State Supreme Court abolishes common-law marriage in SC

VIDEO: State Supreme Court abolishes common-law marriage in SC

CHARLESTON, S.C. (WCSC) - In a decision published on Wednesday morning, the state supreme court has abolished common-law marriage in the Palmetto State.

A common law marriage is one without a formal wedding or license. Previous requirements included living with the other person, a mutual agreement between both parties to be married, and both parties must hold out to the public that they are married by examples such as filing joint tax returns or providing insurance coverage for the other person. It carries almost all the same rights as a typical marriage including spousal support and inheritance rights.

The ruling came down in the case Stone V. Thompson, the vote was 5-0 in favor of abolishment.

“Our review in this case has prompted us to take stock of common-law marriage as a whole in South Carolina,” Justice Kaye Hearn wrote in the majority opinion. “We have concluded the institution’s foundations have eroded with the passage of time, and the outcomes it produces are unpredictable and often convoluted. Accordingly, we believe the time has come to join the overwhelming national trend and abolish it. Therefore, from this date forward—that is, purely prospectively—parties may no longer enter into a valid marriage in South Carolina without a license. Consistent with our findings regarding the modern applicability of common-law marriage rationales, we also take this opportunity to refine the test courts are to employ henceforth.”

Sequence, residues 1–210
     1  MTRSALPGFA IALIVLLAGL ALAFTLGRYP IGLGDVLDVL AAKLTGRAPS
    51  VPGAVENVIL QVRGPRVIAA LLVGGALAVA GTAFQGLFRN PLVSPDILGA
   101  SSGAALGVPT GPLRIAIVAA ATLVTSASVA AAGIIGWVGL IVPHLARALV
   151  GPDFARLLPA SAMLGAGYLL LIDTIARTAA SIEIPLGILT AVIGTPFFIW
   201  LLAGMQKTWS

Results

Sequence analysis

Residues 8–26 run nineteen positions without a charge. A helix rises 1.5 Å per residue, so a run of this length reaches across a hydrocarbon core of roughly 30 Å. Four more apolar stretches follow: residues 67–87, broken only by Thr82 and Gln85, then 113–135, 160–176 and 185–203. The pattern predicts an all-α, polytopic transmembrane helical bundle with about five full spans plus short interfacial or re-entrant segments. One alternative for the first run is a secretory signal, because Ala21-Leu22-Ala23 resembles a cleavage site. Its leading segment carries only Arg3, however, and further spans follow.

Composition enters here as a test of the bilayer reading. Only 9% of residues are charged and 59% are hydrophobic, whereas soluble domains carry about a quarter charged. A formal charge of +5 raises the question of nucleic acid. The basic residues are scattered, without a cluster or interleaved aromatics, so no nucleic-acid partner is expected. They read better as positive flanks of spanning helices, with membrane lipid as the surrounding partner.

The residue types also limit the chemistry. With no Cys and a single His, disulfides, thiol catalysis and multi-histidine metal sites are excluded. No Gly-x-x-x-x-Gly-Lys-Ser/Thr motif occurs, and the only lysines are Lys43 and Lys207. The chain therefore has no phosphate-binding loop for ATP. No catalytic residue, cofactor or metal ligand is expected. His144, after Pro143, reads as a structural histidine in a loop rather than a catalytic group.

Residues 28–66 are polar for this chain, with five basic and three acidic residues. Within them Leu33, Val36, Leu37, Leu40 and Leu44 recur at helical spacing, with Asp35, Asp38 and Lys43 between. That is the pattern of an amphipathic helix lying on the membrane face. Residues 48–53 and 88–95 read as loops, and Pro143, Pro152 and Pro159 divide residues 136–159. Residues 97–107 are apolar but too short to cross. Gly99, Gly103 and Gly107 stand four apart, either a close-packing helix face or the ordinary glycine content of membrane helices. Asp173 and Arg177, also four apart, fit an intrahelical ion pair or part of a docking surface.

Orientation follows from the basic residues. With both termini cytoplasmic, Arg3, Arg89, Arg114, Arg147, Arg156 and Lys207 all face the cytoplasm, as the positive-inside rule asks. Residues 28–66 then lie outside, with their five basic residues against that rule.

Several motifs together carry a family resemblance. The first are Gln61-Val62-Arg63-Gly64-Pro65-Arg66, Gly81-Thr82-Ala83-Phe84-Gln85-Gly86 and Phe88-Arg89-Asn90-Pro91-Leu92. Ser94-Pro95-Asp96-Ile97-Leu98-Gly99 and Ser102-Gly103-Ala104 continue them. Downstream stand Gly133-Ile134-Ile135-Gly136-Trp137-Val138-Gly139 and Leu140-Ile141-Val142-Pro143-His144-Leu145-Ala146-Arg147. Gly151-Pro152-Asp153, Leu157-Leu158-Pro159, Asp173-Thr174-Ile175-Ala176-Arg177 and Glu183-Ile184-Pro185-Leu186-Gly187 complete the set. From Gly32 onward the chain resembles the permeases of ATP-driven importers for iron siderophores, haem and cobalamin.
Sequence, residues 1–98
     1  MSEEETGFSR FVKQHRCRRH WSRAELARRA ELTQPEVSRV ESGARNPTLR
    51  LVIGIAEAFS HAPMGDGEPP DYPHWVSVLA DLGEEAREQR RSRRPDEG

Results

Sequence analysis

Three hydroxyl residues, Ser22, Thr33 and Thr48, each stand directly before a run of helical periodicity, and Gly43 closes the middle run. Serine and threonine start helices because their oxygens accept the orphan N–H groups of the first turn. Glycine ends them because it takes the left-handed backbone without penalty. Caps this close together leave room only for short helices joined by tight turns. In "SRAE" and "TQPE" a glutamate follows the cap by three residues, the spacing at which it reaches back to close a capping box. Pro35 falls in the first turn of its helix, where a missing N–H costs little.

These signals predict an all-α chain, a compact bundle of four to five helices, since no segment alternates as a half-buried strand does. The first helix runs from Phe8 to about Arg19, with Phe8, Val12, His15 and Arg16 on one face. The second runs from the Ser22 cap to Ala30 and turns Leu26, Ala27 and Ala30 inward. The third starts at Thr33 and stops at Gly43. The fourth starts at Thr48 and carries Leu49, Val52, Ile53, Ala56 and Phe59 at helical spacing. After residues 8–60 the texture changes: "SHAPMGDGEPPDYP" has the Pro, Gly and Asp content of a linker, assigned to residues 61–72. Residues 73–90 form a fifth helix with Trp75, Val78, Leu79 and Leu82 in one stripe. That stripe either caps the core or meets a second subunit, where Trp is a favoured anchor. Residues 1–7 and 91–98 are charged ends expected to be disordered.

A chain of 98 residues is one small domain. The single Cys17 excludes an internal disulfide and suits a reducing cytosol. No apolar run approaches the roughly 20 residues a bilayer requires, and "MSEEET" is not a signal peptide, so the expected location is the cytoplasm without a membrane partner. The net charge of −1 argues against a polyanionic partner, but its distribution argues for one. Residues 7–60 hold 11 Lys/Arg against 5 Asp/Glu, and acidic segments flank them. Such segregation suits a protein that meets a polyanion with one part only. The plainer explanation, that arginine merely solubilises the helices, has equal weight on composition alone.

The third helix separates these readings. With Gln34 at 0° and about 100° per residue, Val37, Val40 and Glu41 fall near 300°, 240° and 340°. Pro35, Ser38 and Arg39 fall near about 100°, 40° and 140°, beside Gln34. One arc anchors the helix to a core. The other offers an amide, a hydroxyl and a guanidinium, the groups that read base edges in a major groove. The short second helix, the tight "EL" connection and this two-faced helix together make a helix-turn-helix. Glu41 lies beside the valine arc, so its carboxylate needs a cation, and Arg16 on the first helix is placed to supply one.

The ruling will not be retroactive, only prospective, meaning previous common-law marriages in the state are still valid.

The case involved a couple, Marion Stone and Susan Thompson, who met in the early 1980′s and became romantically involved. According to court documents, Thompson was married to another man at the time and obtained a divorce from him in 1987. Later that year, Stone and Thompson had their first child.

After Hurricane Hugo hit Charleston in 1989, the two had a second child and started living together. They continued to live, raise their children, and manage rental properties together for approximately twenty years, court documents stated.. The pair then ended their relationship after Thompson discovered Stone was having an affair, according to court documents.

In 2012, Stone filed an amended complaint in family court seeking a declaratory judgment stating the pair was common-law married, a divorce, and an equitable distribution of alleged marital property. Thompson answered, stating the two weren’t married and seeking dismissal of the case.

The Supreme Court overturned the family court decision that the couple was in a common-law marriage.

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